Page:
I always question why people insist on doing this. You don’t need to smash down the carbs for every ride, but keeping the body well fueled should be the priority for most athletes. People have become so obsessed with becoming “fat adapted” that they’ll sobotage their own training and health in the process. Fasted rides might be of benefit when you’ve maxed out your fitness gains, but for the everage athlete they’re often not worth the hassle. Eat properly on the bike and the cravings will more than likely become more managable.
I also have a sweet tooth, particularly for pastries (sugar and refined white flour FTW).
That said, my biggest success has been removing refined sugar (white, brown sugar, maple syrup, jam etc.) from most, if not all my regular meals. My experience is that, especially if I start my day with say pancakes and syrup or coffee with sugar, this sets me up for sugar cravings for the rest of the day. You can replace the refined sugars in a lot of cases with fruits, and good coffee is better black anyways .
While I have no resources besides anecdotal evidence to back this up, I remember hearing or reading once that as you change you diet, so too do your tastes change (and maybe also you gut bacteria and that can also perhaps influence cravings, but now I’m really stretching it without evidence). This seems to be true in my case as far as cravings are concerned.
Finally, it’s important to allow yourself the opportunity to indulge. Saying no all the time will only get you so far, but saying yes regularly in a controlled way will add structure to your eating habits; and that’s really what establishing a good diet is all about.
I had a sweet tooth my whole life pretty much. Now that I’m experiencing long haul covid I was forced to deal with it, because only now that I pay an obvious and steep health price for eating refined sugar do I really see what a terribly addictive and poisonous substance it really is. In the past I managed to mostly cut it out of my diet temporarily for a couple months here and there to make a race weight but always came back to it. I won’t be able to do that again.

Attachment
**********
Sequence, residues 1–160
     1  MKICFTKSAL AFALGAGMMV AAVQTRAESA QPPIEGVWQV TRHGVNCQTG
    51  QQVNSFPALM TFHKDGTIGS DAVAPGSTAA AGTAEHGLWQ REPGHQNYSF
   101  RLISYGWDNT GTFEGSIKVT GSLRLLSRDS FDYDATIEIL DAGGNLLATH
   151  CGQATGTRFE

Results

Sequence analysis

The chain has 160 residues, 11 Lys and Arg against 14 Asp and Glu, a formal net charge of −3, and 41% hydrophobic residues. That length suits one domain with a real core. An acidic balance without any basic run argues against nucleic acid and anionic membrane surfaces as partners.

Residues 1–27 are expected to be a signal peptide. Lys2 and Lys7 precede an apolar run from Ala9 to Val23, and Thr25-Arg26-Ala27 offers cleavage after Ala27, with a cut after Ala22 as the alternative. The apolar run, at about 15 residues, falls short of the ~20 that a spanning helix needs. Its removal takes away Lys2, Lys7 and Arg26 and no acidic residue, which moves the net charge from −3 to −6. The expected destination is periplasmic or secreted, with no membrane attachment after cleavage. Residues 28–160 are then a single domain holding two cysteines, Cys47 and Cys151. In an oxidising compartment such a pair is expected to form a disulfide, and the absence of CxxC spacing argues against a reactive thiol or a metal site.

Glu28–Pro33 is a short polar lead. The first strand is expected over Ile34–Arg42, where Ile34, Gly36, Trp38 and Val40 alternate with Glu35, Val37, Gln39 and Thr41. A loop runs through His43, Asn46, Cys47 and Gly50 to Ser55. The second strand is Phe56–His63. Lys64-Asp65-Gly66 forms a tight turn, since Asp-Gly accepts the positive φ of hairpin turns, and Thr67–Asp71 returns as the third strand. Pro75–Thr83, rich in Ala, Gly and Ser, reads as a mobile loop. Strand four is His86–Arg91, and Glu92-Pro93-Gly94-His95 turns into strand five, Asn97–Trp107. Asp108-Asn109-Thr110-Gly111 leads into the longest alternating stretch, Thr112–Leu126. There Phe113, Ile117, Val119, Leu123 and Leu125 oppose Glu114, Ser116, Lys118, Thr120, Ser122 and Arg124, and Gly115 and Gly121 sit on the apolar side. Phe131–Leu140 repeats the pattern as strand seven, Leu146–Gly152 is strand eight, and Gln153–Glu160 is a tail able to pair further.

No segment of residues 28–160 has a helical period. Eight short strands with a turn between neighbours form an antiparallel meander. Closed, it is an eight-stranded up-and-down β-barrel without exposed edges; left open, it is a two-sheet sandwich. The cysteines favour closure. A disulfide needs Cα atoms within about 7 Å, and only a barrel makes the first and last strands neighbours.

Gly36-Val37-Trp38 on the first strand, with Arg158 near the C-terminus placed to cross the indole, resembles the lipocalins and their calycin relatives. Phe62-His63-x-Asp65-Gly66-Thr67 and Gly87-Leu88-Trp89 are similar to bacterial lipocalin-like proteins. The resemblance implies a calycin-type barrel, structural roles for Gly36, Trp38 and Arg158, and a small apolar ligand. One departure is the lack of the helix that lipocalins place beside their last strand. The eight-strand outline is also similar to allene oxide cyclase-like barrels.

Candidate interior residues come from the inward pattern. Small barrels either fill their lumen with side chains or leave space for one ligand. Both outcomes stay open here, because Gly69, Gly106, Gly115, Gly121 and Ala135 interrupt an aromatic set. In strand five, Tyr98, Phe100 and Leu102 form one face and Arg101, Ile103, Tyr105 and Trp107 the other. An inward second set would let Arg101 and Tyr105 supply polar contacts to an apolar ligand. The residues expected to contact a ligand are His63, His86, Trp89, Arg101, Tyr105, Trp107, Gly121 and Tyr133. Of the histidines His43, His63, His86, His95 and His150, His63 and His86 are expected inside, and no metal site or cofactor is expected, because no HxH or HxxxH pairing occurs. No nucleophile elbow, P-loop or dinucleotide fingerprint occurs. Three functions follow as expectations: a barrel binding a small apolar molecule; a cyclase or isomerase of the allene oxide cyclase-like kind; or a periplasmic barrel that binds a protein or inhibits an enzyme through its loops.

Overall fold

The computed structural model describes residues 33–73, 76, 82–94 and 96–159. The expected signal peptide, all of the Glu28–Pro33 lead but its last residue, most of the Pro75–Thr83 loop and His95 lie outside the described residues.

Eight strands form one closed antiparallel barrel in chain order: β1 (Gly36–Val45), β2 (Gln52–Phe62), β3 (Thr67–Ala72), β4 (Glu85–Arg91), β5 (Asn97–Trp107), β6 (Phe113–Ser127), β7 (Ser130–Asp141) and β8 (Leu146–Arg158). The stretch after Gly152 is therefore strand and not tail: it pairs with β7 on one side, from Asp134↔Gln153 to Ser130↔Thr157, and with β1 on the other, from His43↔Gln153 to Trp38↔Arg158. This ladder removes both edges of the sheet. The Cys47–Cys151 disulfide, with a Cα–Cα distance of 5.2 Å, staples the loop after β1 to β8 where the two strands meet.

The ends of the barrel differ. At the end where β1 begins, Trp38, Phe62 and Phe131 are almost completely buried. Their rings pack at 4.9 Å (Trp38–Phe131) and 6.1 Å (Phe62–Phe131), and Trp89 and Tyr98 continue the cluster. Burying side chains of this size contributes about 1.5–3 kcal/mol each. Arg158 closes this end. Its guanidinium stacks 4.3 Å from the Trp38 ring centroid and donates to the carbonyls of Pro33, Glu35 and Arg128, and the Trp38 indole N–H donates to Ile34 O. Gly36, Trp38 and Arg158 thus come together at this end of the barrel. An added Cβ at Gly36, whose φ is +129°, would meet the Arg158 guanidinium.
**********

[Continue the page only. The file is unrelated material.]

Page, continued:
Lots of good advice above, finding substitutes to snack on in your typical snack windows is a good option. As others have said, berries and fruit can give you a sweet fix. Sometimes I’ll chew a piece of sugar free gum after a meal. I know artificial sweeteners can have their downside, but it’s better than the sugar effects now for me. In the evenings after dinner I might make a light protein shake that’s mostly ice but add in a half banana, some lower calorie almond milk, a few berries like strawberries and blueberries, and a scoop of chocolate protein powder that has some stevia. That seems to fill me up long enough to make it to bed and tastes close enough to a shake that I feel like I got my fix.
Cutting back on breads and pastas is a good move, too. I still have some of those, but less than before. If you like breakfast cereal, try to find a market that has some alternative cereal brands that contain less or no sugar. Sprouts stores have some good selection if you have those near where you live. Guessing a place like Whole Food does, also.
Disclaimer: there is plenty of science to show genetic differences… but self diagnosis of having a sweet tooth, sounds a bit like the self diagnosis that ‘I’m a sprinter’ - it becomes self fullfilling.
My anecdata matches this…
I used to load sugar into coffee, eat sugar loaded breakfest cereal, etc. it’s adictive*.
One day I to started reducing the sugar in my coffee and after a few weeks, the taste changed - now any sugar in coffee tastes horrible. The same applies to the rest of my diet where I’ve made gradual changes.
I would start with experimenting there, every week put a little less sugar in your coffee until it is gone. You might not like it for a little while but perservere.
I like overnight oats. You can make them up to 5 days ahead and it only takes about 5 minutes to make a week’s servings. Super simple and easy to grab. Splash a touch of pure maple syrup to hit that sweet tooth and almond milk instead of regular for people that can’t do dairy. Also for the chocolate lovers a sprinkle of cacao powder is a nice touch. Since I started doing overnight oats I’ve found the less healthy snack stuff is not appealing. My body gets what it needs and I feel satiated.
I also love dark chocolate so what I’ve done is make it a reward for doing hard workouts. 100 cals of super dark chocolate after a sweet spot and above workout is well within the endurance diet boundaries (and if I remember correctly the book actually suggests incorporating it into your diet, been a while since I read it) plus serves as great motivation to hop on the bike and get the work done. No bike= no chocolate. For some reason I always get it done.